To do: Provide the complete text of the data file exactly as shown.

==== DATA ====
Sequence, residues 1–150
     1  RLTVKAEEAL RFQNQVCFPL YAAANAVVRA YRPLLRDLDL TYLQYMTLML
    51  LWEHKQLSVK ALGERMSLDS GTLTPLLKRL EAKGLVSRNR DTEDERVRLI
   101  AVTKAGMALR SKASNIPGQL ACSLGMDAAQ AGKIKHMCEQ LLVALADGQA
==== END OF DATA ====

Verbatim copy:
Sequence, residues 1–150
     1  RLTVKAEEAL RFQNQVCFPL YAAANAVVRA YRPLLRDLDL TYLQYMTLML
    51  LWEHKQLSVK ALGERMSLDS GTLTPLLKRL EAKGLVSRNR DTEDERVRLI
   101  AVTKAGMALR SKASNIPGQL ACSLGMDAAQ AGKIKHMCEQ LLVALADGQA